Also in today's EMEA regional roundup: GCHQ deploys Smurf army, says Snowden; Safe Harbor ruling could spell trouble for Facebook and others; Telenet/BASE deal comes under scrutiny.
UK broadband player CityFibre is looking to add Vodafone UK to its growing list of service provider customers, having just signed a contract with the mobile operator allowing it to supply fiber connectivity to cell sites and Vodafone's "corporate customer locations." CityFibre, which is investing in wholesale fiber networks in a number of UK cities and towns, has already agreed to provide such mobile backhaul services to MBNL, a joint infrastructure venture between EE and Three UK , the biggest and smallest of the country's four mobile network operators respectively. But it may struggle to hang on to this deal following a takeover of EE by UK fixed-line incumbent BT Group plc (NYSE: BT; London: BTA) in early 2016 and has been hoping to lure other players to its network. CityFibre claims to have been in negotiations with Vodafone for two years, although the timing of the agreement suggests mobile operators have recently grown more interested in finding backhaul alternatives to BT, which is set to become a mobile rival once it absorbs EE. (See CityFibre Sees Backhaul Interest From O2, Vodafone, CityFibre Aims for BT's Wholesale Business and BT Locks Down £12.5B EE Takeover Deal.)
GCHQ, the UK intelligence agency, is able to hack into individuals' smartphones using a so-called "Smurf suite" of intercept capabilities, according to data-privacy whistleblower Edward Snowden, who gave a rare TV interview to the BBC's Panorama program. Snowden, who is living as a fugitive in Russia, said that even if an individual's smartphone is switched off, it can be turned on without him or her knowing, using a power management tool know as "Dreamy Smurf," while "Nosey Smurf" is a "hot mic" tool that can be used to listen in on what's happening around the smartphone's owner. For the uninitiated, Smurfs are cartoon characters created in Belgium in the 1950s. (See Mobile Security: The Snowden Fallout.)
A ruling by the European Court of Justice has declared that the Safe Harbor agreement, which in effect helps global Internet firms such as Facebook send personal data to servers in the US, is invalid, and does not preclude the respective national data authorities from examining such cases of personal data transfer and reaching their own judgement on them. The particular case in question, which centers on data held initially on Facebook's servers in Ireland, was brought before the EU Court of Justice by Maximillian Schrems, an Austrian privacy rights activist who objected to his personal data being transferred from Facebook 's Irish subsidiary to Facebook's servers in the US. (See Eurobites: Facebook Faces Privacy Class Action.)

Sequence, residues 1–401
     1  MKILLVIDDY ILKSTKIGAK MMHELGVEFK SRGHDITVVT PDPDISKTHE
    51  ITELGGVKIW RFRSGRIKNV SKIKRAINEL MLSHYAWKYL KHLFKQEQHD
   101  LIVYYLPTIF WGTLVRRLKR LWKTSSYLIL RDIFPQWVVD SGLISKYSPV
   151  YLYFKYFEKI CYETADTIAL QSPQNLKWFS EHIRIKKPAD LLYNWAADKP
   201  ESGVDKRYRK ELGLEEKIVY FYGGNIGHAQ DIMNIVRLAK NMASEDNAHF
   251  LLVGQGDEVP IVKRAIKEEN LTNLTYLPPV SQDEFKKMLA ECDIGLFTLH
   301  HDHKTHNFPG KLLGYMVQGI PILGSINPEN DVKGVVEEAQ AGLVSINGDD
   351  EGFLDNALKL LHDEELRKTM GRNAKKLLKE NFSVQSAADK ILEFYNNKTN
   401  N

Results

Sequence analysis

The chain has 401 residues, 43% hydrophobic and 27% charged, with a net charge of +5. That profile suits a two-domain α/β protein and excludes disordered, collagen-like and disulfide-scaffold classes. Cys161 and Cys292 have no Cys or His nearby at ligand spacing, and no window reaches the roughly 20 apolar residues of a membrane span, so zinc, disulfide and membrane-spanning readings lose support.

European Union antitrust regulators are to take a closer look at the proposed acquisition of BASE , the mobile operator owned by Dutch incumbent KPN Telecom NV (NYSE: KPN), by Liberty Global Inc. (Nasdaq: LBTY)'s Belgian subsidiary, Telenet . Reuters reports that its preliminary review of the deal had found the €1.325 billion (US$1.4 billion) takeover could "hurt competition" in the Belgian mobile market. (See Telenet Buys KPN's BASE in $1.4B Deal.)
Sigfox , the France-based Internet of Things connectivity specialist, has named its Italian partners: They are ET Towers and Nettrotter, the latter providing two-way subscription-based connectivity to Italian customers. Sigfox currently has its network deployed in nine countries, spanning 5 million registered devices. (See Sigfox Names Italian Partners and Sigfox Plans Global IoT Network.)
Orange Digital Ventures is investing an unspecified amount in Afrostream, a subscription-based video-on-demand service centered on Africa-related content and available in France, Belgium, Switzerland, Luxembourg, Senegal and Côte d’Ivoire.
Vivendi , the French media conglomerate, has again raised its stake in Telecom Italia (TIM) , to 19.9%, reports Reuters. The move brings its total stake in the Italian incumbent to more than €3 billion (US$3.4 billion). Last year Vivendi exited its domestic mobile market when it sold SFR to Numericable. (See Eurobites: Vivendi to Up Stake in Telecom Italia and Eurobites: Numericable Wins SFR M&A Tussle.)
— Paul Rainford, Assistant Editor, Europe, Light Reading